We’re all looking forward to brighter days ahead as the lifting of lockdown restrictions progresses. But what does this mean for the life we’ve become so accustomed to over the past year or more? Ultimately, the risk is still there, especially as new variants become of increasing concern. As of this week, the government has estimated that the coronavirus variant discovered in India will be the dominant strain in the UK in a matter of weeks.
Despite the shift in official advice, owners and managers of public spaces still have a responsibility to keep staff and customers safe. However, they also have to make a profit; the UK economy is down 8.7% from pre-pandemic levels. Therefore, offices and venues alike need to find a solution that balances personal safety with the bottom line. Here, we summarise the guidance offered by health and safety experts.
Stick with masks when you can’t social distance
A key thing to keep at the forefront of your mind is that many younger people won’t be fully vaccinated until much later in the year. This is particularly relevant to hospitality venues, where many customers and staff will be younger. Even once these groups are vaccinated, there will still be some people at risk – and we have a responsibility to protect them.
To address these issues, in situations where you can’t maintain social distance, officials still recommend using masks when not eating or drinking. Ideally, all staff serving and handling food should have their mouths and noses covered. This will also instil a sense of security for customers.
Maintain hygiene and respiratory etiquette
Hopefully, closer attention to health and hygiene will be something that will stay with us long after the pandemic is over – after all, it can only be a good thing. Businesses should continue to encourage regular hand washing or sanitization, particularly in food service areas.
Equally, we should maintain the emphasis on covering the mouth and nose with your arm when coughing and sneezing. Clear signage will help people remember respiratory etiquette and proper procedures. Meanwhile, surfaces should be regularly disinfected.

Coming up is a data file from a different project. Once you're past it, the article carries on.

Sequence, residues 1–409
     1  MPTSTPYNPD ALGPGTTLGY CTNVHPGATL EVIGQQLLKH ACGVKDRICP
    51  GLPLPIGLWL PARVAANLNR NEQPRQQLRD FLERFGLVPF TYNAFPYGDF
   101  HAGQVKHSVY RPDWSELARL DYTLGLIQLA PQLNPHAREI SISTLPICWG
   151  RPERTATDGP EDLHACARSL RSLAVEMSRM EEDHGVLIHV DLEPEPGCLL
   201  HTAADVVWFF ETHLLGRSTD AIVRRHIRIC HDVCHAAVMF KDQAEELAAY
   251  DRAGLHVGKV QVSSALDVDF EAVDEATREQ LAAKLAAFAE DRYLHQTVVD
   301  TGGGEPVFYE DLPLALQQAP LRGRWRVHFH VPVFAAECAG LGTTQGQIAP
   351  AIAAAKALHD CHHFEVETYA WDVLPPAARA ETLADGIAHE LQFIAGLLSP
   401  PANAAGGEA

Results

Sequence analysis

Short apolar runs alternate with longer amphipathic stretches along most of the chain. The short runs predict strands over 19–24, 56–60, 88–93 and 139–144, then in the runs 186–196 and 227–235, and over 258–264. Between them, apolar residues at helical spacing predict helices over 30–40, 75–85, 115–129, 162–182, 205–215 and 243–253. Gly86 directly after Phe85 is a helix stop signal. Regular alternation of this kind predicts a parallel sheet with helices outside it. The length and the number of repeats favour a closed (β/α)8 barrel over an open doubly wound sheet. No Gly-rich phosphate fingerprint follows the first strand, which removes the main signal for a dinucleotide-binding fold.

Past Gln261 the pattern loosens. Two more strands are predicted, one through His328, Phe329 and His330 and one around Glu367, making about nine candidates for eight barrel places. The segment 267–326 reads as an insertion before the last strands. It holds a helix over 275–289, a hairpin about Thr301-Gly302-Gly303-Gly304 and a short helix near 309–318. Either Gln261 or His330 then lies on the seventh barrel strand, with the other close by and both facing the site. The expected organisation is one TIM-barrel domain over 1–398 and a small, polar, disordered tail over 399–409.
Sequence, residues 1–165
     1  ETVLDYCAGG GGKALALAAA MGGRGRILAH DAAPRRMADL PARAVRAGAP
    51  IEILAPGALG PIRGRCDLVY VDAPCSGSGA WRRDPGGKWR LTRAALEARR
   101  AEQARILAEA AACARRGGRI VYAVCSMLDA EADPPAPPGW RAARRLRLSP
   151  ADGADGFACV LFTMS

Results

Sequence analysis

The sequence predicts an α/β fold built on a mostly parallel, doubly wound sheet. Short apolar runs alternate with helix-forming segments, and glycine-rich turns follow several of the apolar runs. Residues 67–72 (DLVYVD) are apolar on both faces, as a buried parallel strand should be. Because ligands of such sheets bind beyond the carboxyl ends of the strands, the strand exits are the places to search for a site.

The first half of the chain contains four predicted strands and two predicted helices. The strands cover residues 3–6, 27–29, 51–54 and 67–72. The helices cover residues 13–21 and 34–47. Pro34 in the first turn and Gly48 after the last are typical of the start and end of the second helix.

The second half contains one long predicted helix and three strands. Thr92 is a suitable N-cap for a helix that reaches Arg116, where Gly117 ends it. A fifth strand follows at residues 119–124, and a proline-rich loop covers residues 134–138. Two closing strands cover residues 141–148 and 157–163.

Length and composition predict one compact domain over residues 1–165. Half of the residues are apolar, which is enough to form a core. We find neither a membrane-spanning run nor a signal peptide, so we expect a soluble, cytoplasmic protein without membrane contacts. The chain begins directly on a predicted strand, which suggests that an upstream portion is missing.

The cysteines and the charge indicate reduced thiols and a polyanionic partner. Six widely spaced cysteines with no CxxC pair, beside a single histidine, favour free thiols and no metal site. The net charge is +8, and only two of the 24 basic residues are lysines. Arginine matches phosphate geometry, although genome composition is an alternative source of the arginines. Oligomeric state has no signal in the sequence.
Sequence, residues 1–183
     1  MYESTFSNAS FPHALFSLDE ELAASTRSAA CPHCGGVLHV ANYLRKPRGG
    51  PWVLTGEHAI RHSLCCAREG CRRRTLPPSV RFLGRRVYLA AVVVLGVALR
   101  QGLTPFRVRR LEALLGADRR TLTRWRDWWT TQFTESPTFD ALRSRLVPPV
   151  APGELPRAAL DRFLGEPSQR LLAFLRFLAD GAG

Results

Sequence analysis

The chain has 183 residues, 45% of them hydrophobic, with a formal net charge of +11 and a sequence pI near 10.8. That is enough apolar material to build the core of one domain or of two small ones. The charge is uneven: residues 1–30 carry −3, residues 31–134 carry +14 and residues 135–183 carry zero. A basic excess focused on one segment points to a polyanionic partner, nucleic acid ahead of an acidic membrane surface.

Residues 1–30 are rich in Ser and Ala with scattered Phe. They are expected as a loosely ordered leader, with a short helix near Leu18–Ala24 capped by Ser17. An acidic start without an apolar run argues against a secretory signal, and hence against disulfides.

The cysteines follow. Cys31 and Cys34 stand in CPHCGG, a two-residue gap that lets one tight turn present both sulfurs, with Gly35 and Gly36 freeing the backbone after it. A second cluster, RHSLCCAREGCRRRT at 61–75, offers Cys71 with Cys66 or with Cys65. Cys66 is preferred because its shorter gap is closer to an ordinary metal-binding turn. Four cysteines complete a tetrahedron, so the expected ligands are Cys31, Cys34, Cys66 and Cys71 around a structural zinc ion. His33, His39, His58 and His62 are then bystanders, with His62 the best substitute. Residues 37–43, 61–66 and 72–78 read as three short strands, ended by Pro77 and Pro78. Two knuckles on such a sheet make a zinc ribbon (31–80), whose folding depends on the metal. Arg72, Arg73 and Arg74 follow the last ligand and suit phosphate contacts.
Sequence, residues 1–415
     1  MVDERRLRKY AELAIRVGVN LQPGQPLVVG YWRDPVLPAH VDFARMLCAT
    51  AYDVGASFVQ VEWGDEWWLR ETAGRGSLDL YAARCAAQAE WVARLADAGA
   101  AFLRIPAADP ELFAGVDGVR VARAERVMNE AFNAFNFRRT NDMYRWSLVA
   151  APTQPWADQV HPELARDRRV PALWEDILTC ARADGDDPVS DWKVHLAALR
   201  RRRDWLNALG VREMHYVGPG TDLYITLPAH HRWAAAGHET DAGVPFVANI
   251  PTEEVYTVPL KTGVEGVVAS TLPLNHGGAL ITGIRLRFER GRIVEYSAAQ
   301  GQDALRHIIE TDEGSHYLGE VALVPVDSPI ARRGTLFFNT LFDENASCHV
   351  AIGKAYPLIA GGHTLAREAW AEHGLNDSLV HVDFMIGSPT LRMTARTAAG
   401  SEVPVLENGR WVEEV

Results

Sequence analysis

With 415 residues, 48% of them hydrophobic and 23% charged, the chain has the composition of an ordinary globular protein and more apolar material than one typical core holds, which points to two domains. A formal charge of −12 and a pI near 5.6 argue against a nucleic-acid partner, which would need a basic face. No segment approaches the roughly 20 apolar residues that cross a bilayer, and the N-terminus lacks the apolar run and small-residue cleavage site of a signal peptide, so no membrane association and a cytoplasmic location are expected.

Ensure there is proper ventilation
There is evidence that in poorly ventilated spaces, people with COVID-19 can infect others more than a metre away. These transmissions – known as airborne infections – occur in indoor spaces with stagnant, stuffy air. Therefore, business owners should ensure that spaces are well-ventilated.
To achieve this, they need to go beyond cracking open a few windows and ensure their HVAC systems are adequate and up to date. The most effective strategy is fitting UVC air filtration units, the best of which work to destroy up to 99.9% of all bacteria and viruses in the space. Plus, you can share this information with building users – units like those offered by Rejuvenair come with their own publicly accessible app to monitor air quality in any given space. This allows people to check the safety of the air they’ll be breathing inside of a building before they go in.
Instil confidence in staff and customers
Making sure people feel safe in public is key to getting the economy back on its feet. Although we’re all excited about getting back to work, back in the pub, and doing more socialising, it’s still important that we feel safe. Businesses have a vital role to play, for the good of society and the good of the economy.
The road to keeping us safe and happy in public space is all about making sure safety precautions are maintained, visible and reasonable. With adequate supplies, clear signage, maintaining reasonable PPE, and thanks to a little help from some cutting edge technology, we can help keep work and entertainment venues safe and healthy.